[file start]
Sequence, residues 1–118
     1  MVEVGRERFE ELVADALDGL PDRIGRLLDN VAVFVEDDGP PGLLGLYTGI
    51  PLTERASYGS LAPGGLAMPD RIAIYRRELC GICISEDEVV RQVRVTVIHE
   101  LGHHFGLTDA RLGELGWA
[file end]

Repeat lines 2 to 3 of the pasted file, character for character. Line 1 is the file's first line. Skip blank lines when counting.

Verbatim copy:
     1  MVEVGRERFE ELVADALDGL PDRIGRLLDN VAVFVEDDGP PGLLGLYTGI
    51  PLTERASYGS LAPGGLAMPD RIAIYRRELC GICISEDEVV RQVRVTVIHE